I’m not exaggerating when I say that Alvin Ailey American Dance Theater changed my life.
When I was 13 years of age my ballet teacher at the time (a woman I only had for a year, but who is deserving of her own post — or three — for what she did for my dance education) arranged for her students to go see them when they were touring through the city I lived in at the time. Looking back, I can’t remember if it was Ailey II or AAADT that we saw, though from what I remember of the size of the company, it must have been AAADT. Anyway…
As I was saying, I was 13 at the time. My exposure to dance prior to that point was fairly limited. A few local civic ballet productions of the Nutcracker, the recitals my once and future dance studio put on, that sort of thing. I was the one kid in my string of combo classes who actually liked ballet (everyone else proclaimed it “boring” so we didn’t tend to do much of it in our 45-60 minute jazz-tap-ballet class). So when I had the opportunity to take ballet at this studio, one that happened to take ballet quite seriously, I was all over it. Balletballetballet. That’s what I wanted to do. The end.
Oh-ho, but so NOT the end. Miss Emily took us to the local college campus to see Ailey. And oh, did I see Ailey.
Keep in mind, I was 13. It was not cool to be impressed by much of anything with the plethora of hormones surging through my body. But in spite of that, I thought they were So Cool (or whatever it was we said in the early ’90s). I still remember Revelations and feeling like the world opened up to me while I watched them dance on stage. I would never look at dance the same way again.
In part, it opened my eyes to modern. And I’ve seen various other modern companies over time, all with their own bent and inspiration. But Ailey… well, Ailey is in a league all to itself. I find it hard to put into words the awe I feel when I see these dancers perform.
So you can imagine my excitement when I got the season brochure from one of our local colleges stating that Ailey II was going to be on their stage. A stage that I, myself, have performed on. Okay, I guess that’s not such a big deal, but still… it makes me shiver a little to think of these world-class dancers changing in the very same dressing room I have! Standing in the same wings I’ve stood in! Dancing on the same stage!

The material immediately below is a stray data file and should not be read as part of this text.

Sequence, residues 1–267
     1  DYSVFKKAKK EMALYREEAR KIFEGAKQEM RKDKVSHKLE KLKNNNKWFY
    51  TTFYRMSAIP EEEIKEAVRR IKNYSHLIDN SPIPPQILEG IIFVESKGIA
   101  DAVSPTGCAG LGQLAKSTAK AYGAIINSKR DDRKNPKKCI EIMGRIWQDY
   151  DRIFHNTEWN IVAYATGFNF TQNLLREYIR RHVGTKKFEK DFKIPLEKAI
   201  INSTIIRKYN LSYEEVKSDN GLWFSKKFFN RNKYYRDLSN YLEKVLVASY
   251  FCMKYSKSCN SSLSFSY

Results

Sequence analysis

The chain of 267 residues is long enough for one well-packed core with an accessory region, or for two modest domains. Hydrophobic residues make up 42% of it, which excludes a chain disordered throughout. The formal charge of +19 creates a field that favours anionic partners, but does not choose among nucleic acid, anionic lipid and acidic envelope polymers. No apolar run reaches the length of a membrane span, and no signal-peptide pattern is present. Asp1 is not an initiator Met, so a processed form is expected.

Okay, enough giddiness.
Ailey II, in my very own neck of the woods. You bet your sweet bippy I wasn’t going to pass this chance by!
To sweeten the deal, students at our studio were able to get discounted tickets to see the show. If you get a chance to see any professional dance for under $15 you go… you hear me! GO!!!
The director at our studio ordered a block of tickets for those of us who were interested. What better than experiencing Ailey than getting to share it with your dance fam?
On the program for the evening: Echoes (2008, Thang Dao), Rusty (2012, Benoit-Swan Pouffer), and Divining (1984, Judith Jamison…. JUDITH JAMISON!!!!).
[Brief reminder, I’m the worlds crappiest dance reviewer, so forgive me.]
Echoes. Okay, here, watch this:
There’s a little taste of Echoes. I was surprised at how… balletical it was! This was a side of Ailey that I haven’t seen much previously. Of course, you know all the dancers have a strong ballet background, but it was nice to see it highlighted on the stage. The typical explosive power was mingled with the beautiful flowing lines of a more traditional aesthetic and it was truly stunning. The way the group worked together, particularly in the canon sections… it was absolutely riveting. The music by Ezio Bosso was clean with a strong classical tinge (I swear I heard a variation on Pachelbel’s Canon in there!) and was as pleasing to the ear as the dance was to the eye. And speaking of the eye, I actually quite liked the costuming. It was basic, men in short unitards cut low in the front, women in short unitards with a flowing, tunic/scarf-like over the top, all in shades of gray. Like the rest of the piece, clean, but flowing. The color was muted, but allowed the dancing to take center stage, with just the flow of the women’s costumes adding to the choreography.